Harmood Banner (1783-1865)
Harmood Banner was, by trade, an accountant. His reputation was made while chairman of the Liverpool and Harrington Water Company, and subsequently as chairman of the Liverpool Gas and Coke company. He was a city councillor for the St Peter's Ward during the 1850s, and was described as "Grave and sedate in appearance, and sits wrapped in thought as if he were somewhat careworn."
His first venture into the profession of accountancy was in 1814 when he joined in partnership with Thomas Billinge (his Brother-in-law). In 1816 he was given the dubious honour of being appointed liquidator to a bank. Namely that of James Aspinall of Liverpool, Bankers. His reputation grew, as did his business and soon the company Harmood Banner & Co was one of the most respected Accountancy firms in the country. We can trace the origins of one of today's largest accountancy firms, Coopers & Lybrand, back to Harmood Banner & Co.
Harmood Banner also had an enormous interest in the well-being of children, especially those who found their way into the various orphanages around Liverpool. He founded and played an active role in the Liverpool Boys & Girls Orphanage in Myrtle Street, Liverpool. In Pen and Ink Studies of Liverpool Councillors, Shimmin noted: "Day by day Mr. Banner may be found visiting the fatherless in their affliction, and giving to hundreds of destitute orphans that paternal council which he well knows how to bestow"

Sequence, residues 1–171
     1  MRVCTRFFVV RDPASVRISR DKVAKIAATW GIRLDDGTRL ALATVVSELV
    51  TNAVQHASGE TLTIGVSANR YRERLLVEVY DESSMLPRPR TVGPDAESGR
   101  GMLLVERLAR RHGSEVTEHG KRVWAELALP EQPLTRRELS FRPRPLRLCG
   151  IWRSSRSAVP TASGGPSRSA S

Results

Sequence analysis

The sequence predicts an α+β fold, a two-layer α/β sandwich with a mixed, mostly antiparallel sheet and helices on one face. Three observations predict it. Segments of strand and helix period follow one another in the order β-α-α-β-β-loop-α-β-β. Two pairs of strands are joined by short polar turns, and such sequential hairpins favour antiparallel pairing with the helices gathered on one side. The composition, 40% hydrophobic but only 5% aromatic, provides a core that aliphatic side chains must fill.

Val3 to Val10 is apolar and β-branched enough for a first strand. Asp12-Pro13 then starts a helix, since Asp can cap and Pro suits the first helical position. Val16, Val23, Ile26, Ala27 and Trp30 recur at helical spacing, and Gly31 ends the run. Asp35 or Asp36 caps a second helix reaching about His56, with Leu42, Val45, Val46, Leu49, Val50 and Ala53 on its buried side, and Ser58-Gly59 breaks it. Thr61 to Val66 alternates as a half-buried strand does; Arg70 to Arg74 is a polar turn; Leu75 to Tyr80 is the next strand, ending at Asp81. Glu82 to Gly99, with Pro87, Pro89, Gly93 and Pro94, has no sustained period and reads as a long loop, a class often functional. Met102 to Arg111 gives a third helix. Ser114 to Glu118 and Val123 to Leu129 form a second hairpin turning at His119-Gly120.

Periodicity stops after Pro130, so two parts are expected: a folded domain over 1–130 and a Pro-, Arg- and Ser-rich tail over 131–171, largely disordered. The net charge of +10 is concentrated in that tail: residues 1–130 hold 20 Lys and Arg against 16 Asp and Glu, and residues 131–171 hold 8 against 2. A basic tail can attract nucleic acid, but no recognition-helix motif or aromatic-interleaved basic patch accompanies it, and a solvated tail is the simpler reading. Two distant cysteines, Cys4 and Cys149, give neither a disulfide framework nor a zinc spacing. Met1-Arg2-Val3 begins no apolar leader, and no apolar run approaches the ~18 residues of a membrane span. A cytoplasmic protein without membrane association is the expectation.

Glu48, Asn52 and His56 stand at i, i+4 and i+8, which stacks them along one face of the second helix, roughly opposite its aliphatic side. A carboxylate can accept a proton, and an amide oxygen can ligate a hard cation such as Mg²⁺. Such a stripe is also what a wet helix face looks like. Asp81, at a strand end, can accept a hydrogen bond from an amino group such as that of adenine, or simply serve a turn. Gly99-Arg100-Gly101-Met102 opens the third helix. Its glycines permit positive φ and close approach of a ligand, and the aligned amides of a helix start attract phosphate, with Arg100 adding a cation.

Harmood Banner wanted the children to be respected in death as well as in life, it was common for the poor to be buried in large graves, with no stone. Harmood Banner used some of his considerable wealth to purchase some plots within St James Cemetery, and some stones on which the names of the children from the orphanages to be recorded. These remain to this day, visitors to the cemetery can see seven or eight large stones near to the Huskisson Memorial all marked out with the name of Harmood Banner.
Harmood Banner died in 1865, leaving 4 sons. One of them, the Rev T.B Banner was incumbent of the church of the Holy Innocents, in Myrtle Street. Harmood Banner's grave stands in the North corner of St James'.
Source: © Mike Faulkner